We also recommend that Registration Forms indicate if permission is granted to diaper young children and communicate with young people outside of programs via social media, text and cell phones. 

    TIP #4:  Schedule training for each new program year.  Offer orientation and refresher trainings.  Identify how you will train those that are unable to attend i.e. On-line training. Begin each new program year by holding a Plan to Protect® training.  As your Master List of screened workers grow, you will need to provide less orientation trainings but more frequently Refresher Training.  A Refresher Training can be offered in half the time and can include creative methods of teaching as a means of reminding your staff and volunteers the essentials of identifying children that are in need of protection, reporting procedures, recognizing activities and interactions of risk, and important child and youth protection procedures.  

    We recommend that you offer two Orientation Trainings per year and a minimum of two Refresher Trainings.  Personnel should attend an annual Refresher Training.  This too reflects requirements of insurance companies. Anticipate that you will have personnel that are not able to attend due to other family or work related emergencies.  Winning Kids Inc. provides options for on-line training or LIVE webinars to accommodate the training of these individuals.  For more information visit www.plantoprotect.com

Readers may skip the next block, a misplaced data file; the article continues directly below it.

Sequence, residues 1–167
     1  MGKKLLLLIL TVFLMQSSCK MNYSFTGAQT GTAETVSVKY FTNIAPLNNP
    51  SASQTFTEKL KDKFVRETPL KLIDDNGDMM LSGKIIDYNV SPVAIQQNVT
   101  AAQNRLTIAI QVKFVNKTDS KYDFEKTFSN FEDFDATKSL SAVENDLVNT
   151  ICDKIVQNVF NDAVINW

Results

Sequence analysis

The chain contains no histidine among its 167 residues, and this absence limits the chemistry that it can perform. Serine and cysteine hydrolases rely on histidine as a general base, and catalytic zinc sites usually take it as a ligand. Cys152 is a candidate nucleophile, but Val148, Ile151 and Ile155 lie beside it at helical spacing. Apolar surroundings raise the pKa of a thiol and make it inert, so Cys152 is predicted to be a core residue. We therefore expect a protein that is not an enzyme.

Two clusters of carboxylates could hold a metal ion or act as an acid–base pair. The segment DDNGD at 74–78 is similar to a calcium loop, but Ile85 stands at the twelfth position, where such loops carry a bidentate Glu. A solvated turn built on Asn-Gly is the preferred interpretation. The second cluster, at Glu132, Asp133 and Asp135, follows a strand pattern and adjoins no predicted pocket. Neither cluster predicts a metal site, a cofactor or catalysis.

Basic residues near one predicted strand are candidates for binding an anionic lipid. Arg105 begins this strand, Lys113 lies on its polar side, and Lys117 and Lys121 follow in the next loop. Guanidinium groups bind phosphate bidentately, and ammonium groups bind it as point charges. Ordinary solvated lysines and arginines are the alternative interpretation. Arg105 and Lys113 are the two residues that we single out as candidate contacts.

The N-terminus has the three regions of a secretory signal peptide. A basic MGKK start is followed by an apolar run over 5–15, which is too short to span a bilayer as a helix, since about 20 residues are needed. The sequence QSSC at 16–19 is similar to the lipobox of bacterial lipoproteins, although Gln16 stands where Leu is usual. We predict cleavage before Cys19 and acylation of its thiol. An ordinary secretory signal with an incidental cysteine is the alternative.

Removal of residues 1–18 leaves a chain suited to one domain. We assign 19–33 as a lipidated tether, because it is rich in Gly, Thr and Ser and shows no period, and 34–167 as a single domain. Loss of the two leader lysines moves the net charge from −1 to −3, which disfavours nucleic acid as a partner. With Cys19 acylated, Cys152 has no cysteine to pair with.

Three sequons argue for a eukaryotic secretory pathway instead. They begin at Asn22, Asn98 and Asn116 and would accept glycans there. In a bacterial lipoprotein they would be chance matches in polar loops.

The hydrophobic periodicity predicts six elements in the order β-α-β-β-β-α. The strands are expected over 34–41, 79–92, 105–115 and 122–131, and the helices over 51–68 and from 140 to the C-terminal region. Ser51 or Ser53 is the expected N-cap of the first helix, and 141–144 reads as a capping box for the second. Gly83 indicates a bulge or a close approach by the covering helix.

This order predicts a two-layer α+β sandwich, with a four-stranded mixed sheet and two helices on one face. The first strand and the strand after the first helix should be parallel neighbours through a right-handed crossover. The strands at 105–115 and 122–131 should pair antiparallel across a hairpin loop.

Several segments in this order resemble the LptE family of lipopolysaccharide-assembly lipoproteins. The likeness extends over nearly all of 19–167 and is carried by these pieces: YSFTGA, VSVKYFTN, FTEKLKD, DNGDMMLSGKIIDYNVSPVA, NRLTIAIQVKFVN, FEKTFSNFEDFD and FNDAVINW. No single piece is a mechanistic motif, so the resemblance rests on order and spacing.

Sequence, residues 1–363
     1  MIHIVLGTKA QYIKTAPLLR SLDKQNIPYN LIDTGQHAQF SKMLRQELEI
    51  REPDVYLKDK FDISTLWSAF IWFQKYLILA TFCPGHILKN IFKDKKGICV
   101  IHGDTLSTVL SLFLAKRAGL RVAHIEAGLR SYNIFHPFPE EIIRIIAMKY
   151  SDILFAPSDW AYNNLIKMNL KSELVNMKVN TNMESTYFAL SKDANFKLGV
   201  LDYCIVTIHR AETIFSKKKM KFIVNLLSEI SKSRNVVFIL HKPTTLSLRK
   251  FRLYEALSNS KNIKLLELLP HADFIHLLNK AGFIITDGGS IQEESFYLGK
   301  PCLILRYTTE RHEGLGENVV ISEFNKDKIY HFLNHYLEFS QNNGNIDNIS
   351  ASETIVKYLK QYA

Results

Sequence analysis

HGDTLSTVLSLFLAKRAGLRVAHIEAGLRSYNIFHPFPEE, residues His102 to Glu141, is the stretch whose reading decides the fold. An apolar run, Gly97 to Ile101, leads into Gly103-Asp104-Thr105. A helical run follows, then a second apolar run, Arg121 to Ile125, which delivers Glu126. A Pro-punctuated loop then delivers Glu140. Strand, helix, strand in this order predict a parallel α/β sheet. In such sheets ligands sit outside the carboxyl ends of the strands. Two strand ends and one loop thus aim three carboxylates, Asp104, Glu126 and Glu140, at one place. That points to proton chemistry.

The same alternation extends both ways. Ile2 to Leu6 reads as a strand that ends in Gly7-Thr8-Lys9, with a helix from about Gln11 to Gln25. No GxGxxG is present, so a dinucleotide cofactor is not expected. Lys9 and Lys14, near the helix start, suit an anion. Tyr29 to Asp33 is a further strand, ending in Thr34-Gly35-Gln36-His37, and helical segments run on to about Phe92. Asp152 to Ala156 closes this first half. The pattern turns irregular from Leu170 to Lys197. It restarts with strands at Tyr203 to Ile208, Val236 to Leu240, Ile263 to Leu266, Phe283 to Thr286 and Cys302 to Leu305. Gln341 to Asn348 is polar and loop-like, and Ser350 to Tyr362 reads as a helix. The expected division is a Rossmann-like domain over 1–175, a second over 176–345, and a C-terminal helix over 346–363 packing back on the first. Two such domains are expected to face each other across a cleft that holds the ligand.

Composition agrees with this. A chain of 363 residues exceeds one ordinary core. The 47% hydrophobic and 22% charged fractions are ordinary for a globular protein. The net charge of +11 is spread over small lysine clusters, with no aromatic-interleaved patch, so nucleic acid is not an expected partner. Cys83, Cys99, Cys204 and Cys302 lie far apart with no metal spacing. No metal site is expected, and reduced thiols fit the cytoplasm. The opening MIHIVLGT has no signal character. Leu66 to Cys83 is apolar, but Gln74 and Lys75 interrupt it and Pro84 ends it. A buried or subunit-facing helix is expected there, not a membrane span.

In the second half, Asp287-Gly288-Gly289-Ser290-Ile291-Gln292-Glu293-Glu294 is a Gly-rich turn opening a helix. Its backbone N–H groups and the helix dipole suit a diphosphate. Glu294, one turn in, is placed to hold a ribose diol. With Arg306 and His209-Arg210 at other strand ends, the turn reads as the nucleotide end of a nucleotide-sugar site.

TIP #5:  Do a walk through of your facilities. It is amazing how we can miss what is in front of our own faces.

    What to look for: Are there clear site lines into classrooms, and locks on closets and storage areas? Make any necessary modifications to your premises to include outlet covers in nursery and pre-school rooms.  Remove items that could cause injury (i.e. piled up chairs, electrical cords, outdated electronics, recalled items and construction material).  

    We would recommend that your team together do a walk through your facilities or venue where your program will be held – use a critical, objective eye.  Perhaps ask someone to walk through who can provide a new set of eyes.  Note if there is decorations or items blocking the clear site lines of the window – remove these.  If you stand in the hall, can you see every corner of the classroom or is there places where students could hide, or where someone could be hiding.  One member organization recently installed convex mirrors, and adjusted the height of dividers and washroom doors in the toddler room in order to make their location safer – perhaps you might also need to make similar modifications.